DBA expects profitability by 1998/99 - 'this year I'm allowed to make some losses!' exclaims Michel. The airline has been in the red since its launch in 1992.

Only after improving Air Liberté/TAT's performance will BA start concocting 'solid' long-term plans for the French company, says Cooper.

Longer term objectives include creating operations that efficiently feed BA's intercontinental network, says Matthew Stainer, analyst at Morgan Stanley.

Future BA plans may include converting the French and German subsidiaries into franchisees to add to BA's flourishing franchise family. 'If you were Coca-Cola but had to call yourself something different at first in a new market, you'd probably have a long-term aim of calling yourself Coca-Cola there,' hints Cooper.

The subsidiaries' ownership structures may also change - 'these are not cast in stone', says Cooper, although BA is keen to maintain financial institutions as shareholders. TAT is 100 per cent BA-owned, while French banking group Rivaud holds 28 per cent of Air Liberté with BA holding 67 per cent (the remaining 5 per cent is held by various shareholders). 'BA welcomes a powerful French investor,' declares Rochet.

Michel states that links with German financial institutions 'can help pull the right strings and make the right contacts'. Bayerische Vereinsbank plans to sell its 16 per cent shareholding in DBA but Commerzbank holds a 19 per cent stake and Berliner Bank 16 per cent, with BA owning the remaining 49 per cent.

The equity involvement of native French/German investors also helps BA achieve its aim of creating two companies which are as 'French' or 'German' as possible, says Cooper.

Rochet states that 'what BA wants from him' as joint CEO of TAT/Air Liberté is 'being a French guy, with French experience, who knows about French culture and day to day management'.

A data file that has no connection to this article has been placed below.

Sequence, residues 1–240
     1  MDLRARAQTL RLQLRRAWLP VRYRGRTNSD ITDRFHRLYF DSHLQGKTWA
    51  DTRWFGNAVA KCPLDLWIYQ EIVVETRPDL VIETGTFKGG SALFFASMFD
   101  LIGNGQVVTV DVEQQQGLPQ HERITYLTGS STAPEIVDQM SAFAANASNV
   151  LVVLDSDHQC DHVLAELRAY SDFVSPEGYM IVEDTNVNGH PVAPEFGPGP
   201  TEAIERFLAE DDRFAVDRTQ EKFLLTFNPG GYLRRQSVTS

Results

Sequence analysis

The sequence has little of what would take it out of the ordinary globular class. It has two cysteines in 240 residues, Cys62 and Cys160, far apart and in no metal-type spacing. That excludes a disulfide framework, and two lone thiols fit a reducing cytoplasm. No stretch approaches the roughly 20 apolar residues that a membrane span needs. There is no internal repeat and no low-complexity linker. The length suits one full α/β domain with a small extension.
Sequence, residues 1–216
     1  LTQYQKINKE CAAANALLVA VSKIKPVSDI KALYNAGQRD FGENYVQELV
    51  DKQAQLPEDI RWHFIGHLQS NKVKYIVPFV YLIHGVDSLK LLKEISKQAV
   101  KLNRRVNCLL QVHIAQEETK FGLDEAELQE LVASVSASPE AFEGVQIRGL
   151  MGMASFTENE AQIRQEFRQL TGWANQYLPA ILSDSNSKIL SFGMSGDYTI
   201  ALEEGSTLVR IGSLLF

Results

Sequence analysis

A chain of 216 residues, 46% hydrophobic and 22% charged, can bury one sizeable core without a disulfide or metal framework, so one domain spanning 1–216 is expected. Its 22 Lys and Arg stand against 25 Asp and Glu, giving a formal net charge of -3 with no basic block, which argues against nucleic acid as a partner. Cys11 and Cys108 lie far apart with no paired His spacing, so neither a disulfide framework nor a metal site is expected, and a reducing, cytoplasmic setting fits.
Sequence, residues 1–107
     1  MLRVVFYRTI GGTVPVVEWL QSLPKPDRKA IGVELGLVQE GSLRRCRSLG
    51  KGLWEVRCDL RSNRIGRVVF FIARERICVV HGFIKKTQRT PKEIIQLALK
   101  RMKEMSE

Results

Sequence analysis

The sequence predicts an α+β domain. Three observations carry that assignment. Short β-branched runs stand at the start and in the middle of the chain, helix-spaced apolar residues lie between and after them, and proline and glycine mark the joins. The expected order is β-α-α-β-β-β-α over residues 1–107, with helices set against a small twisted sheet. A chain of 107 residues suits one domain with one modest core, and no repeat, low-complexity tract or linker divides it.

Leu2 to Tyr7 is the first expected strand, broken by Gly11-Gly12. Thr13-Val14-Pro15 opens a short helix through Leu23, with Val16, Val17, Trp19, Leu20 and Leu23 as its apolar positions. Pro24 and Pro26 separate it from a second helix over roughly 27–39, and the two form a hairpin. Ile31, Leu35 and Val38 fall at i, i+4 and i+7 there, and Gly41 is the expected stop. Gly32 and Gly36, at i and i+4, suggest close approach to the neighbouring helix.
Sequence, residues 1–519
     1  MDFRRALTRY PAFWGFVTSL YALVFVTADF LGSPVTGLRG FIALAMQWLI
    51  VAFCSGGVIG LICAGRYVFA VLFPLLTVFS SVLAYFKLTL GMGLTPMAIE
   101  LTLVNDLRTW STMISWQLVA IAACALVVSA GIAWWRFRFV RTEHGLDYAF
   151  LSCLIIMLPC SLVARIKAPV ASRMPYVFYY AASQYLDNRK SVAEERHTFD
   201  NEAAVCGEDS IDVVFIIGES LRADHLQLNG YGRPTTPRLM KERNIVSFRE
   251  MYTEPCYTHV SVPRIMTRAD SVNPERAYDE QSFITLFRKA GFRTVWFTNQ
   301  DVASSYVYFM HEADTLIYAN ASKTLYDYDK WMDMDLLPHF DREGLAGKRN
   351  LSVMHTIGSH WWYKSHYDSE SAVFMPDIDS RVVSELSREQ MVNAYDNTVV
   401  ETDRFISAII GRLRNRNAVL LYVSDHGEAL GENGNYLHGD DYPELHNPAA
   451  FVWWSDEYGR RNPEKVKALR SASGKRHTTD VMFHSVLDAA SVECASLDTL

The French identity extends to the airline's name. The merged TAT/Air Liberté airline will 'definitely' be rechristened Air Liberté, reveals Rochet, as the name is seen as a 'good, strong French name', respected in France. 'Our first target is to come back to break even which we can do with the brand recognition of the Air Liberté name,' says Rochet.

But to do the Air Liberté name justice the company desperately needs to boost its equity value. Breakeven is targeted in two years' time yet Air Liberté was estimating a loss of some FFr1 billion (US$173 million) in 1996, while TAT lost some FFr200 million last year and was expecting a small operating loss in the year to March 1997. Air Liberté aims to divide total losses by nearly four to FFr300 million (US$52 million) in 1997 and cut costs radically by 1999.

The major hurdle which Rochet will have to cross is to lower TAT's 'too high cost structure' which is 'totally incompatible with market conditions', he says. The airline is determined to reduce labour costs by 20 per cent to Air Liberté's level, despite vehement opposition by both Air Liberté and TAT cabin and cockpit crews. Air Liberté's lower working conditions are being gradually imposed from the start of the preliminary takeover phase, which started on 1 April, until the merger is complete. Unless the unions agree to bring the expiry date forward, this will not be before the final TAT contract for cabin crew expires on 28 March 1998.